Is a critical care interventional radiologist around the corner?

Joshua Adams
Joshua Adams

Interventional radiologists are increasingly being called upon to perform potentially life-saving procedures on extremely ill patients. Multi-organ trauma, respiratory arrest, severe hypotension, and sepsis are management dilemmas that are confronted regularly in the interventional suite. It is imperative that the interventional radiology team be prepared for these challenges, write Deepak Sudheendra and Joshua Adams.


Interventional radiologists have been the pioneers in developing minimally invasive procedures that often obviate the need for patients to undergo high-risk surgery. As the field has continued to advance, the scope of practice has widened to include more critically ill patients who often were treated by surgery before. In many hospitals, interventional radiology has become the “go to” specialty for procedures such as chest tube and abscess drain placement, cholecystostomy tube placement, and venous access.  These procedures were historically done by medicine and surgery residents or attending physicians at the bedside. Today, it is not uncommon for critically ill patients who are on the verge of death to be brought to the interventional suite for a procedure that was previously done at the bedside.

Because of the increased level of clinical acumen needed to care for critically ill patients, it is imperative that the interventional radiology team be prepared for the potential challenges that can arise in the suite. To help think about these issues, a new workshop was offered at the Society of Interventional Radiology’s annual scientific meeting in Atlanta, USA, called “What every interventional radiologist should know about critical care”.

Deepak Sudheendra
Deepak Sudheendra

The objective of the workshop was to present interventional radiologists with various clinical scenarios involving critically ill patients and ask them how they would manage the medical problems of the patient in addition to the interventional radiology issue at hand, knowing that a code team may not be immediately available to bail them out. Our goal of this workshop was not to turn interventional radiologists into critical care doctors but rather to educate physicians on the importance of having a methodical plan in caring for extremely sick patients and not just focusing on the intervention alone.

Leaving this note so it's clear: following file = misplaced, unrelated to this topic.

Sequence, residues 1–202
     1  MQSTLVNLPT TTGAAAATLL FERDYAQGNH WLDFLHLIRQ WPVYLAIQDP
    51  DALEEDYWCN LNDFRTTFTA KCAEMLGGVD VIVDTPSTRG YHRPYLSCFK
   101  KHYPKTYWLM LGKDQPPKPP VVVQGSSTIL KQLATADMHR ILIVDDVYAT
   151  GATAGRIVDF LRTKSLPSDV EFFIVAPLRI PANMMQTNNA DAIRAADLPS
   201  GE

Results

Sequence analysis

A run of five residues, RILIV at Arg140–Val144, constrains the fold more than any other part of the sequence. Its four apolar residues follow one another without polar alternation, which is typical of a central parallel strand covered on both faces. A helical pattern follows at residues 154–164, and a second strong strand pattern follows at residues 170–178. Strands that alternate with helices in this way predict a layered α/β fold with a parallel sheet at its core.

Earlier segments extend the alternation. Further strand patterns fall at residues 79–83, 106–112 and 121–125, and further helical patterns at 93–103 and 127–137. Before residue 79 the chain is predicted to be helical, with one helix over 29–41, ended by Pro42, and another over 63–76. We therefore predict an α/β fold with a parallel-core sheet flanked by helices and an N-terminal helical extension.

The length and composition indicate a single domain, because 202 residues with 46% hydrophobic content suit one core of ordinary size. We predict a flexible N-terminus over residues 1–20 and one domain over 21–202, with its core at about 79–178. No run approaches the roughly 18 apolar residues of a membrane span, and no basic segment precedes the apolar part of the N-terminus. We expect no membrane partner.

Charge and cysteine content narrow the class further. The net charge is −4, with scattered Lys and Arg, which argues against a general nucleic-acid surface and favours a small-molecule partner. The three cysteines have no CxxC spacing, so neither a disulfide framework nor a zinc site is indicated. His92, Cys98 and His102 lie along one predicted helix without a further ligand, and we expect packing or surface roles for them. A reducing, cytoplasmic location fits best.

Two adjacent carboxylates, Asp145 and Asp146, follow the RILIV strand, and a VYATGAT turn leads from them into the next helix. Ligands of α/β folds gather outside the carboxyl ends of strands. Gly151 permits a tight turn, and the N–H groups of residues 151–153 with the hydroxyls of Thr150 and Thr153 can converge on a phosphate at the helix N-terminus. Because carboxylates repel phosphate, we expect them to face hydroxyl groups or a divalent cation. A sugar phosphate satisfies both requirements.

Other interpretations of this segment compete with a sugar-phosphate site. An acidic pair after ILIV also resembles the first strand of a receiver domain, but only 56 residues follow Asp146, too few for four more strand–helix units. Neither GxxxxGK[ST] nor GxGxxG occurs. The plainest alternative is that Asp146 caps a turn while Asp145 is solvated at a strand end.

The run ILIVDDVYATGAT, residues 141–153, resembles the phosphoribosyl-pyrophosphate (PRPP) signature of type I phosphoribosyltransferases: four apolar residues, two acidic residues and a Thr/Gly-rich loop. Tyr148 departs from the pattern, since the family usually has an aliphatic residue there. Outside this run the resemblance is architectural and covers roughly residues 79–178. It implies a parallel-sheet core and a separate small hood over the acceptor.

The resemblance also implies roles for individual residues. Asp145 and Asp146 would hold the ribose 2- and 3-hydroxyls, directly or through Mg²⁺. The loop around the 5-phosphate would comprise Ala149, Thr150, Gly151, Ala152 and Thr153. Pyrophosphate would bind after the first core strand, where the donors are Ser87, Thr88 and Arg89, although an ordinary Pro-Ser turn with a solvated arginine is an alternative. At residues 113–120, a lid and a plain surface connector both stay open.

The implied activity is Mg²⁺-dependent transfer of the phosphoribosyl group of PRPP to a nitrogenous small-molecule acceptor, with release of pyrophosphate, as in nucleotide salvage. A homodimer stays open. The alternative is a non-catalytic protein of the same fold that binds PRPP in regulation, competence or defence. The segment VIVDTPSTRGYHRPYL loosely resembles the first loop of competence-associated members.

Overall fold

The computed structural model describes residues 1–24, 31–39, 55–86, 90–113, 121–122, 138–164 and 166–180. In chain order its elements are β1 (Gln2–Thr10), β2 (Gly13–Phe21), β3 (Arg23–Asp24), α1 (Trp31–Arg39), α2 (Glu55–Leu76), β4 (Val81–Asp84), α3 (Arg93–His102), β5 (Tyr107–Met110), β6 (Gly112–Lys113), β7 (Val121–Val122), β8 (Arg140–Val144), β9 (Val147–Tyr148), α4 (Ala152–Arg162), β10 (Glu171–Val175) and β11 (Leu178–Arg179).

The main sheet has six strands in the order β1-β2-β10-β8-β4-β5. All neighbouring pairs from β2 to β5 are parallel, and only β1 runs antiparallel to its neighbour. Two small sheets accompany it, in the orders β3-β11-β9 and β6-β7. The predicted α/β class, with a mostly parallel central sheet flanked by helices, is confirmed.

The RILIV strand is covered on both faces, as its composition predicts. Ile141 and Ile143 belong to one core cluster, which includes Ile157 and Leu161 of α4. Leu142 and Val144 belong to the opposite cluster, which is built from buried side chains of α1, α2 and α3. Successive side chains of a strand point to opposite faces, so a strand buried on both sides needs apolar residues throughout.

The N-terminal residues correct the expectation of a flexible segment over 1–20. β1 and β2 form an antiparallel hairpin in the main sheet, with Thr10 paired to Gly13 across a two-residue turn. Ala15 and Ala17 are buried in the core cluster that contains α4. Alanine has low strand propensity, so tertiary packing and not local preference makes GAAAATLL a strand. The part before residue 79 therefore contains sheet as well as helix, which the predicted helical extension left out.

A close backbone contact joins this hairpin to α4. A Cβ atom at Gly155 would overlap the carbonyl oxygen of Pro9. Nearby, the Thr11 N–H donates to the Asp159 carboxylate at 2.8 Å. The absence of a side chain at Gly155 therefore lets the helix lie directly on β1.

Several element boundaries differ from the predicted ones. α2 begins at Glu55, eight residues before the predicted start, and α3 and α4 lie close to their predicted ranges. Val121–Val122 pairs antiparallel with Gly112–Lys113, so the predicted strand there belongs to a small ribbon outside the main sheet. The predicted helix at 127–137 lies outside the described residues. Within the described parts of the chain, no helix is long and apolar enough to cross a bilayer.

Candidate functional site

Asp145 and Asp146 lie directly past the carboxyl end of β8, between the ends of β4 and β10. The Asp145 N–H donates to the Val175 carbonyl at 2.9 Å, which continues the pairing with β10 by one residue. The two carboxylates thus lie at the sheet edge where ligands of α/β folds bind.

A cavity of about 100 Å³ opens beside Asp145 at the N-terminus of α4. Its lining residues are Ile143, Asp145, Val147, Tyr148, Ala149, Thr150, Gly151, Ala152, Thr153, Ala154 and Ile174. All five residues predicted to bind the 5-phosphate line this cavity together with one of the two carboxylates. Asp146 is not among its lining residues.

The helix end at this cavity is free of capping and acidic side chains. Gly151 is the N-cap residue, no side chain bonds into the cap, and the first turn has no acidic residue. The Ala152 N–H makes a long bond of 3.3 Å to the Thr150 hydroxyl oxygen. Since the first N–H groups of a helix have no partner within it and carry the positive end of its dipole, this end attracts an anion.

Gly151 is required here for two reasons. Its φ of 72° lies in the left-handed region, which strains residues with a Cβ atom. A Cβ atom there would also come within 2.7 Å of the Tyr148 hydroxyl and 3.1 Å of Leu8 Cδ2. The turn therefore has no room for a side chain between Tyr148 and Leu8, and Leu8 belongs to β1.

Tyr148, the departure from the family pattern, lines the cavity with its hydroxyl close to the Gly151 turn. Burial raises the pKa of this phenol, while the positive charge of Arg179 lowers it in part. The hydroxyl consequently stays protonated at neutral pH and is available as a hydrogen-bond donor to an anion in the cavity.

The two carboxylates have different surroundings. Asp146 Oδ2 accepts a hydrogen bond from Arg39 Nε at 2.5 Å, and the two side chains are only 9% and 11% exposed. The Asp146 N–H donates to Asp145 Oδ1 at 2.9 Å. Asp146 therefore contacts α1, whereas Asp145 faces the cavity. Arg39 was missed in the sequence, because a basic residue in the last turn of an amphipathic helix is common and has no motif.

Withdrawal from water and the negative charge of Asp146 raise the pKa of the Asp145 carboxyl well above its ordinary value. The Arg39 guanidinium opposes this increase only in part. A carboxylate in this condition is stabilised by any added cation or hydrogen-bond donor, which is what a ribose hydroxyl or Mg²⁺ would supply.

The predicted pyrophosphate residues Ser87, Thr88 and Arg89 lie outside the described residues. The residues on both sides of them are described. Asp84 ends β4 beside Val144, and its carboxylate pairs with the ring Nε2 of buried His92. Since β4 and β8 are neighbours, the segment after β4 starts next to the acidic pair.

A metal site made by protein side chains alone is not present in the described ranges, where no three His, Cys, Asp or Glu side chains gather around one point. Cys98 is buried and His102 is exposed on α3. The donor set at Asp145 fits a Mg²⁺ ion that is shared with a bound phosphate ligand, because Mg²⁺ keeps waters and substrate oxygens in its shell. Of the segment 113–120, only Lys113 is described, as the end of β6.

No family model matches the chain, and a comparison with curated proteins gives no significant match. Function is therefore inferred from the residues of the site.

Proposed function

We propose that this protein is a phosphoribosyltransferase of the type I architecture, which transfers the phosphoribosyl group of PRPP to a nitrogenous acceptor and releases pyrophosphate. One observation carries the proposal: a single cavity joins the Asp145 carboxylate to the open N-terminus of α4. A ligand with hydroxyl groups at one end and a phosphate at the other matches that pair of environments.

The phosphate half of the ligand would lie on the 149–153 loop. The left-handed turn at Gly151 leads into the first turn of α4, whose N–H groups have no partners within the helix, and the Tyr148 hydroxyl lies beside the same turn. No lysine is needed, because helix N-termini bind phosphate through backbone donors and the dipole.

Management dilemmas such as concomitant thoracic and pelvic trauma, respiratory arrest, massive blood loss, and sepsis were discussed. Attendees were asked how they would manage the “crashing patient” in the absence of a code team. The use of inotropes, pressors, and antibiotics were also discussed to exemplify the importance of being “captain of the ship” in such dire circumstances.


We designed this workshop based on our surgical training backgrounds and current scope of practice. (Adams is a dual boarded vascular surgeon and interventional radiologist. Sudheendra is an interventional radiologist who also works as a surgical critical care attending.) The panel also included James F Calland, a trauma and critical care surgeon at the University of Virginia, Charlottesville, USA.


Interventional radiology has often been criticised for not being able to manage patients. It is not uncommon for other clinicians to say “the last place to have a code is in radiology”. However, this would not be stated if the patient was in the operating room or interventional cardiology. If interventional radiology is to be taken seriously as a true clinical specialty, we need to be responsive to the acute medical issues of the patient. While interventional radiology fellowship has not traditionally included critical care training, the new diagnostic radiology/ interventional radiology (DR/IR) dual pathway in the USA will be a positive step in preparing future interventional radiologists to be on the same playing field as surgeons and other clinicians when it comes to clinical management.

Critical care interventional radiology

As interventional radiologists continue to treat an ever increasing number of high acuity patients, it begs the question; will there be a need for a “critical care interventional radiologist” in the future? This individual would work exclusively with the intensive care unit (ICU) and be responsible for performing all of the interventional radiology procedures needed for the critically ill patients in a timely manner, either at the bedside or in an angiography suite attached to the ICU. This would provide safer, more efficient care of the unstable ICU patient and also allow the “regular” interventional radiologists to focus on the myriad of other procedures that are needed in the hospital.


With interventional radiology continuing to evolve into a field that is more reminiscent of surgery than diagnostic radiology, the training of future interventional radiologists will need to include more focus on patient management skills. In the meantime, our hope is that interventional radiology will continue to blaze new trails in improving patient care.


Deepak Sudheendra is an assistant professor of Clinical Radiology and Surgery, Hospital of the University of Pennsylvania, Perelman School of Medicine, Philadelphia, USA. Joshua Adams is an assistant professor of Surgery and Radiology and the head of Endovascular Surgery, Medical University of South Carolina, Charleston, USA. The authors have reported no disclosures pertaining to the article.